If you are new to cloud computing and even newer to CSA and cloud security, we recommend starting by reviewing the table below of recommended reading materials as well as training and educational opportunities, including CSA certifications.
These documents can be an immense help in identifying the individuals in your organization who can upskill their capabilities and extend their capacity to fill in the knowledge gaps created by the multitude of cloud platforms being utilized and consumed by healthcare providers all over the world.
Recommended Reading Materials
Below is a guide of reading materials that will help you understand the fundamentals of cloud computing and best practices in creating effective security, privacy and compliance programs.
Value to the Reader
This paper outlines how security changes in cloud computing and best practices all organizations should follow regardless of which vendor they are using.
This provides guidelines for cloud users to better select security qualified cloud service providers. These guidelines are based off of the controls outlined in the Cloud Controls Matrix (CCM).
Addresses the privacy and security concerns related to processing, storing, and transmitting patient data in the cloud for telehealth solutions.
Examines big data and some use cases for big data in healthcare, the impact of big data on healthcare, regulatory requirements for Protected Health Information (PHI) in the cloud, and securing PHI in the cloud.
Presents the concept of managing medical devices based on their proximity to the patient and introduces practices to secure the use of cloud computing for medical devices.
This guide is intended to serve as a comprehensive guide to the secure deployment of medical devices within a healthcare facility.
If you’re interested in staying up to date on research CSA creates for the healthcare industry, and/or participating in the creation of future publications you can visit the CSA Health Information Management Working Group. This group helps the entire healthcare industry by accelerating solutions to security challenges specific to healthcare. For example, one of our members was able to solve IoT categorization challenges through their participation in this working group.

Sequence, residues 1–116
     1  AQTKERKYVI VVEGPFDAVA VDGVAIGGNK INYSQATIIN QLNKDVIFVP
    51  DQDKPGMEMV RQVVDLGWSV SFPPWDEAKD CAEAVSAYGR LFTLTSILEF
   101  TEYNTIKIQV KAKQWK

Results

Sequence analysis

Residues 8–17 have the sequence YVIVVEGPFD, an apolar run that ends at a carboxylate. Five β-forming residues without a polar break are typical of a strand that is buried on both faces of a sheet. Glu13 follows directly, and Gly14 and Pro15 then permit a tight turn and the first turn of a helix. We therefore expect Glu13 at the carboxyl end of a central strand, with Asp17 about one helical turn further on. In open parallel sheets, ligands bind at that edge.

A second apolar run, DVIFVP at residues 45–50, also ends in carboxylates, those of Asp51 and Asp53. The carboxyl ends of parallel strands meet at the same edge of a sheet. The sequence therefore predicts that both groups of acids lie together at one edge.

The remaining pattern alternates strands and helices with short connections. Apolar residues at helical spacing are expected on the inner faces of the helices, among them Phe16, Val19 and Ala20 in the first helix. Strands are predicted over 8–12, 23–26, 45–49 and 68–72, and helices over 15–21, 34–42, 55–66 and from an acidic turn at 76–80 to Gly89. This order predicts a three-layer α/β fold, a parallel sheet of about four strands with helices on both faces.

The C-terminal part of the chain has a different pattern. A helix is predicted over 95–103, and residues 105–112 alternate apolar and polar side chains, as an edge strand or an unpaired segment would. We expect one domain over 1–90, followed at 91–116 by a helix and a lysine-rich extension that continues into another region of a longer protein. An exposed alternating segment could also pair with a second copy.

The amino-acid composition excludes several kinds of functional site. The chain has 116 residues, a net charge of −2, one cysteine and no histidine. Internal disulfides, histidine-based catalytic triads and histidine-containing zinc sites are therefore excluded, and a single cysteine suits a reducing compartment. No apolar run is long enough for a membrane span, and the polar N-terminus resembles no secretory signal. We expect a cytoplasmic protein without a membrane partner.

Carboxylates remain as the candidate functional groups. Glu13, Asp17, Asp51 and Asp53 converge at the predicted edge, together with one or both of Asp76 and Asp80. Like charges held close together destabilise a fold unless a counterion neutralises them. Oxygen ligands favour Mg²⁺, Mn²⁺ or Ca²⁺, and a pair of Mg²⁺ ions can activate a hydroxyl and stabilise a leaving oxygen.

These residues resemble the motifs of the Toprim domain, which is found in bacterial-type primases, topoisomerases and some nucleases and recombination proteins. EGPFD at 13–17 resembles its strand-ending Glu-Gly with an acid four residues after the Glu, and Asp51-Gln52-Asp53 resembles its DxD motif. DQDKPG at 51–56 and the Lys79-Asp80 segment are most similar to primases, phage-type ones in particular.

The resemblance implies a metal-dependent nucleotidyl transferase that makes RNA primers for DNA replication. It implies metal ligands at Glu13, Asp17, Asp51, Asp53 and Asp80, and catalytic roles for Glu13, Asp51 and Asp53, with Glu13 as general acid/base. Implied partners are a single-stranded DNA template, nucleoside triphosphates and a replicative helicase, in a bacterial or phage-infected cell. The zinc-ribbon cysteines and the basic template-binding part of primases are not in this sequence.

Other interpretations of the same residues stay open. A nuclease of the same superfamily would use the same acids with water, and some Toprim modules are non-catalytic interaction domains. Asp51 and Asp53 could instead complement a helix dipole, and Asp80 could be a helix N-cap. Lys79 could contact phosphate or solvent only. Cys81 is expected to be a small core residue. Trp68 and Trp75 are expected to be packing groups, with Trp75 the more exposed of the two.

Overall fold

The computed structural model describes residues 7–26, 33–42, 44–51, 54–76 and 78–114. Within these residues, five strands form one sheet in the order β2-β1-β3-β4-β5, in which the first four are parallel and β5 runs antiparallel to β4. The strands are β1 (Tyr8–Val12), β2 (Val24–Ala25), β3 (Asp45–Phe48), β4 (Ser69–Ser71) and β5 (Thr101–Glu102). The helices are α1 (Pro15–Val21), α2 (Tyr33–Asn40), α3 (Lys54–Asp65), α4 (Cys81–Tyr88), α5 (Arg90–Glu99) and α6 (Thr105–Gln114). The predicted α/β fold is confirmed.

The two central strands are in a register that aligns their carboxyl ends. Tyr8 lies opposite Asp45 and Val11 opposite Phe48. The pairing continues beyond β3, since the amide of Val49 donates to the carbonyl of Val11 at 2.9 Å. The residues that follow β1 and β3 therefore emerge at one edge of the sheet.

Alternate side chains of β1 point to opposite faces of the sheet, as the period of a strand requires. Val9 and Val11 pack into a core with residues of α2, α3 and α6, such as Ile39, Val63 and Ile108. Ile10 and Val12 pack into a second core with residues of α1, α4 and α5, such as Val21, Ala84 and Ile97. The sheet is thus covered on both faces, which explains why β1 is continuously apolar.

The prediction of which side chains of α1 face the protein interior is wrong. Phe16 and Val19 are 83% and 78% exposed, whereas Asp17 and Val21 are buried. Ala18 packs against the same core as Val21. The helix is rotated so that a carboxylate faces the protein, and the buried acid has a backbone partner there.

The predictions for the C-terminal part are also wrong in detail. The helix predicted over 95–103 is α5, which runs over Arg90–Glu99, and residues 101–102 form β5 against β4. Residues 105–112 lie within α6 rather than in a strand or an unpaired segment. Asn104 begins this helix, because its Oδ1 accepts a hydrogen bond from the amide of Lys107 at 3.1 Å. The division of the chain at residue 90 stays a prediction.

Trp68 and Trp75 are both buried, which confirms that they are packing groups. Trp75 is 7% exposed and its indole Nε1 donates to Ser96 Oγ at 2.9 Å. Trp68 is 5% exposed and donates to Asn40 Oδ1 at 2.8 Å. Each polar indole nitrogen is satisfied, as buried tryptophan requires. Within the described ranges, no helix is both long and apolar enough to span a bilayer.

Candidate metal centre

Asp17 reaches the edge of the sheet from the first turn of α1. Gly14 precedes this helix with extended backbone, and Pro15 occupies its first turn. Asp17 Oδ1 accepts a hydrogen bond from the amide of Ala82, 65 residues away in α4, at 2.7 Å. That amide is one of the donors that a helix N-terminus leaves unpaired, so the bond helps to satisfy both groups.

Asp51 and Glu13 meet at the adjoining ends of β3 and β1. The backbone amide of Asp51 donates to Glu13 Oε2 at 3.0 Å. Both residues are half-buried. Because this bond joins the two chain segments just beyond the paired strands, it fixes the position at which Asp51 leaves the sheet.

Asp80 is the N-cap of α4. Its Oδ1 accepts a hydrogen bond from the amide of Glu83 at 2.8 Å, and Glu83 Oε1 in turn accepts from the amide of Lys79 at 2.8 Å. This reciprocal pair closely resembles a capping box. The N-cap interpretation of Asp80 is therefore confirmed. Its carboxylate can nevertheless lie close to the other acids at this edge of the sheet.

Cloud security training we recommend for the healthcare industry.
The whole premise of the training is to train and educate healthcare professionals in the cloud.
More important than earning a certificate, is having robust training for the community working with healthcare organizations. For cybersecurity professionals who are new to the cloud, the Certificate of Cloud Security Knowledge (CCSK) is a good place to start as it will give them a vendor-neutral understanding of cloud computing and security best practices. Once a baseline of knowledge is established, the Certificate of Cloud Auditing Knowledge (CCAK) in particular should be helpful for the core security people in healthcare.
Join the Health Information Management Working Group
By joining this working group, you will be able to help influence how health information service providers deliver secure cloud solutions (services, transport, applications and storage) to their clients, and foster cloud awareness within all aspects of healthcare and related industries. You can view the latest research created by this group or join as a volunteer here.
- Market Guide Published for cloud service providers to Healthcare Delivery Organizations, Analyst, Gregg Pessin, ID G00034798